“For six years, people have been telling me this: ‘Why don’t you open in Adelaide?’ This thing keeps coming about Adelaide, Adelaide – and I’ve got a lot of my produce coming from here.”

Then, about 13 months ago, Shu was in Adelaide for a convention, and he met staff from the Chifley that he’d worked with in Darwin. He saw the restaurant space – which had been long empty – and started to form ideas in his mind about how the room could look.

Over the past year, he’s been slowly developing the restaurant. He’s still doing so, and will refine the large menu in response to customers’ feedback.

The food, which Shu proudly shows off, is refined versions of Indian and Thai favourites. A sweet eggplant pachadi, for example, is teamed beautifully with a spicy vindaloo. Oysters, a favourite on the Hanuman Darwin menu, appear here as well, served with a vivid, multi-layered sauce of lemongrass, sweet basil, ginger, chilli and coriander.

Shu is happily exploring local produce and say he loves Adelaide – the Hills, the beaches, the parklands and wine regions. On Sunday, he’s taking his ute to the Torrens Island markets. During the Fringe, he’ll personally be cooking up a Nonya fish dish and other treats at the Garden of Unearthly Delights to promote Hanuman.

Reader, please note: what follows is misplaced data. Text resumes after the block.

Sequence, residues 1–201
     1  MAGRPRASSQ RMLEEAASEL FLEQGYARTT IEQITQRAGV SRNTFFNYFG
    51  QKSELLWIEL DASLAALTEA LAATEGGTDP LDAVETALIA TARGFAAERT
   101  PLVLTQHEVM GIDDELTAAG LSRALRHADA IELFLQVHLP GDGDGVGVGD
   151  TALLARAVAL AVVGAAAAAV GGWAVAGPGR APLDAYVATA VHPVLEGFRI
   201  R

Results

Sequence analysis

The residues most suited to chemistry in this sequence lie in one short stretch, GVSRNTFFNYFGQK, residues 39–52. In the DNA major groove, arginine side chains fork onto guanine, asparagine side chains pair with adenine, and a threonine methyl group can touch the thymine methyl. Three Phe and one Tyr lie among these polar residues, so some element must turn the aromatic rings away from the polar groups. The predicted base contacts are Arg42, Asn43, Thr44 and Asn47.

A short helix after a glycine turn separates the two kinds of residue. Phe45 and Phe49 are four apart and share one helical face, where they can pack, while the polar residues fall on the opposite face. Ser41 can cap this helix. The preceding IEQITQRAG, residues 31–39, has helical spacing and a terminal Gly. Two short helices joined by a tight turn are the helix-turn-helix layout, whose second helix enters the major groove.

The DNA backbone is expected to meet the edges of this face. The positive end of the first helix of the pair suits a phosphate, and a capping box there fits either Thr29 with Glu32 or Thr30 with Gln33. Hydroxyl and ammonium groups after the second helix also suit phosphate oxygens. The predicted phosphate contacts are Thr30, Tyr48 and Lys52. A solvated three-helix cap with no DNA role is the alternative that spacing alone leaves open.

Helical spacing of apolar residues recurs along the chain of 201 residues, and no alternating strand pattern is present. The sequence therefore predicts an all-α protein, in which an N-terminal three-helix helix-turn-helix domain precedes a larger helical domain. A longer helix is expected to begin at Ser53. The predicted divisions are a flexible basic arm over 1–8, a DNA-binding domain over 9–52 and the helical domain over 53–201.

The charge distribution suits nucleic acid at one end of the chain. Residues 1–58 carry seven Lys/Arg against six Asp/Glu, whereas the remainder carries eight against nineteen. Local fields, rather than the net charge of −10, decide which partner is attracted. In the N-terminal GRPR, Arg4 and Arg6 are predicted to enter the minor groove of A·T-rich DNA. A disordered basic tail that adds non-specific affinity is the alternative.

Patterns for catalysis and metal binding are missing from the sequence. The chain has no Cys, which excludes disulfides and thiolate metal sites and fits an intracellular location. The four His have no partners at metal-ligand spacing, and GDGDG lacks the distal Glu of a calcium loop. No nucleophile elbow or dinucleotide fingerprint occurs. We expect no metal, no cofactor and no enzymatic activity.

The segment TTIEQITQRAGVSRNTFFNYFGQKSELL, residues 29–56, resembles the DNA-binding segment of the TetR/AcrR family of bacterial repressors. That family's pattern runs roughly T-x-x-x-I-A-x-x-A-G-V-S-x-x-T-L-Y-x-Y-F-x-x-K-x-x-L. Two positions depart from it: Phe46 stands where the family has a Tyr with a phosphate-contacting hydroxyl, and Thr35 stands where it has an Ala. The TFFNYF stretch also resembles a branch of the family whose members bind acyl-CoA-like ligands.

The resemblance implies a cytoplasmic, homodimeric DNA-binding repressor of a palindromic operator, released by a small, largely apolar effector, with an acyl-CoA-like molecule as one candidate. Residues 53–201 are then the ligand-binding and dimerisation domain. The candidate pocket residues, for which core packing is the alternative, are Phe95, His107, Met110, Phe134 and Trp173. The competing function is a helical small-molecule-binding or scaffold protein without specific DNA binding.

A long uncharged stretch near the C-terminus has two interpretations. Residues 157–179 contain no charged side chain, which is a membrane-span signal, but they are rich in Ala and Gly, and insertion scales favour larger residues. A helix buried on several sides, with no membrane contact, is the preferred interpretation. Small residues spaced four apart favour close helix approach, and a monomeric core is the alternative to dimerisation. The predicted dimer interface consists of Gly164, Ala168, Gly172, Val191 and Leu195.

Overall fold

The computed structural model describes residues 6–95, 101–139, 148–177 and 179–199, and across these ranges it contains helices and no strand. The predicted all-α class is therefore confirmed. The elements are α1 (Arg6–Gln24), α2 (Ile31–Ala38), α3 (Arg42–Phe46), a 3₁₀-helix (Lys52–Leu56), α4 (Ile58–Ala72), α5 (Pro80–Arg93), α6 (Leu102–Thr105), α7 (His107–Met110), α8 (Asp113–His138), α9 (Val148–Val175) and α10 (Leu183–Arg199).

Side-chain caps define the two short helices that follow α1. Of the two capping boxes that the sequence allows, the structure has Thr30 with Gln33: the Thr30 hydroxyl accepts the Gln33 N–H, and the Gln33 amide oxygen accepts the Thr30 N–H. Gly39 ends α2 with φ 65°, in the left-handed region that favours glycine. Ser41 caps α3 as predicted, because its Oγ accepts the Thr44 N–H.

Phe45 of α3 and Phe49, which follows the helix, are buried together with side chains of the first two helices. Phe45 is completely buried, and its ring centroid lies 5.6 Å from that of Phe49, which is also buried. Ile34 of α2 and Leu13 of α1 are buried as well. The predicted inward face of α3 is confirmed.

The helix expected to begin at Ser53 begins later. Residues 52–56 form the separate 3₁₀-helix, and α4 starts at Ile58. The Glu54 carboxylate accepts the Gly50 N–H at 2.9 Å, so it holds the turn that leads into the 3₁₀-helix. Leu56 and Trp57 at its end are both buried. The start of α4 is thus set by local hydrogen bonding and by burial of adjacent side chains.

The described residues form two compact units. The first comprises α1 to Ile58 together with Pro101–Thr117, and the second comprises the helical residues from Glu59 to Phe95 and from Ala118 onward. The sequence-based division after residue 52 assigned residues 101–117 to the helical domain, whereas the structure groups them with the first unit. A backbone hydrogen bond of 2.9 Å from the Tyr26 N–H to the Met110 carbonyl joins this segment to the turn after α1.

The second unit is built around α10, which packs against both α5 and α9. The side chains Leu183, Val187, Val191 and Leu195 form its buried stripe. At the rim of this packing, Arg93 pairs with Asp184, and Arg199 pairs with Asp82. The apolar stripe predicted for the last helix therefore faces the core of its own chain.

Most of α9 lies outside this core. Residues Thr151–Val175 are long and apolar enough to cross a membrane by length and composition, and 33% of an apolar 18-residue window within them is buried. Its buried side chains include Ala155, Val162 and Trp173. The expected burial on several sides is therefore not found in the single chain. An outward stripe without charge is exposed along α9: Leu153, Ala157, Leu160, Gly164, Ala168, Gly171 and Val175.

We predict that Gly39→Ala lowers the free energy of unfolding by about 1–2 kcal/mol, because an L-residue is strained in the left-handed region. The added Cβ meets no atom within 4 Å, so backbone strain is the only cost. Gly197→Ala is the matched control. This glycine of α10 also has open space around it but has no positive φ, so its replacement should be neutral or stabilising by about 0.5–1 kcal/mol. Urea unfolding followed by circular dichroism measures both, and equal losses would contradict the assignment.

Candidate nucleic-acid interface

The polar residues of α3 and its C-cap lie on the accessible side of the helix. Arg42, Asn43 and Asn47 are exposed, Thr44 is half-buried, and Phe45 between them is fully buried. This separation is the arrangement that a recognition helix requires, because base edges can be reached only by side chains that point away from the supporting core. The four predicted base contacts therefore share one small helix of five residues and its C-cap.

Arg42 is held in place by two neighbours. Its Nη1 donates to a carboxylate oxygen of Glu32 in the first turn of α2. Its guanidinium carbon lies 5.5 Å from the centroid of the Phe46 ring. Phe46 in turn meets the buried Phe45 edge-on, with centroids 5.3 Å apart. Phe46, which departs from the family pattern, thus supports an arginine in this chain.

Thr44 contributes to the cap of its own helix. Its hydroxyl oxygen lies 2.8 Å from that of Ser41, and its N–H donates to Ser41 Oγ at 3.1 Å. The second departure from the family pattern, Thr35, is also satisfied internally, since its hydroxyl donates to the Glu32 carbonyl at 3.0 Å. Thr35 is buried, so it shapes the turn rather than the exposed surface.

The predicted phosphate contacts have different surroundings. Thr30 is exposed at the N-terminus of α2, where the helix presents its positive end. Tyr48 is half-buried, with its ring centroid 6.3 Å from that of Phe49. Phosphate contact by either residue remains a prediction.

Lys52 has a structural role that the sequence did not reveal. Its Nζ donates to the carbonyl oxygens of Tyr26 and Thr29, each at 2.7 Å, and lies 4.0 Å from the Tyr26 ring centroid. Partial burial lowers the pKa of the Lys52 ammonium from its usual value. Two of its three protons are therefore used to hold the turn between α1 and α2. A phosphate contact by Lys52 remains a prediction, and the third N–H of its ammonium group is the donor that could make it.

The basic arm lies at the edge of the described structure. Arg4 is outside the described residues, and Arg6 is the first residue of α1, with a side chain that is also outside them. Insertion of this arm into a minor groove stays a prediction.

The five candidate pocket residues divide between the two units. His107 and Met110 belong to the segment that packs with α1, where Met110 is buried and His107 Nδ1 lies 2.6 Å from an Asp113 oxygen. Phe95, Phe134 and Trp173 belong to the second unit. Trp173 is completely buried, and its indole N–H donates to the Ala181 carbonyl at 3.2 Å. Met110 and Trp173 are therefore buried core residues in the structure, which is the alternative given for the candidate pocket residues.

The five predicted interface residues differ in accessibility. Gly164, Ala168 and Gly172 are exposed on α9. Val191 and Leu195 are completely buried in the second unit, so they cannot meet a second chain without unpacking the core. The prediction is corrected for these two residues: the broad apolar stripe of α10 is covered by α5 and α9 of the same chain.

He’s likely to do the clean-up afterwards.

Adelaide has certainly attracted something new – in the kitchens and in the character of the man behind the food.

 

 

 

 

 

 

 

 

Make a comment View comment guidelines

Local News Matters

Media diversity is under threat in Australia – nowhere more so than in South Australia. The state needs more than one voice to guide it forward and you can help with a donation of any size to InDaily. Your contribution goes directly to helping our journalists uncover the facts. Please click below to donate to InDaily.

Donate here
Powered by PressPatron

Comments

Show comments Hide comments
Will my comment be published? Read the guidelines.

More Eat | Drink | Explore stories

Loading next article